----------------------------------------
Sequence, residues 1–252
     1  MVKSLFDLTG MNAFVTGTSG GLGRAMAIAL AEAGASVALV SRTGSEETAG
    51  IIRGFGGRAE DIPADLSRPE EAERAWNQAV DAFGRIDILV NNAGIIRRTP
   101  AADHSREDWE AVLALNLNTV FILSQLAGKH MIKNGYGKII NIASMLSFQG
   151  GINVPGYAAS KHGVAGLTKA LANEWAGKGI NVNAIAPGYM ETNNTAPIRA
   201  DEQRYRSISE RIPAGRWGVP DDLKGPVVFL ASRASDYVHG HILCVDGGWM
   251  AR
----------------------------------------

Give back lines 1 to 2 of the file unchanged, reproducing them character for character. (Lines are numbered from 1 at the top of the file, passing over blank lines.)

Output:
Sequence, residues 1–252
     1  MVKSLFDLTG MNAFVTGTSG GLGRAMAIAL AEAGASVALV SRTGSEETAG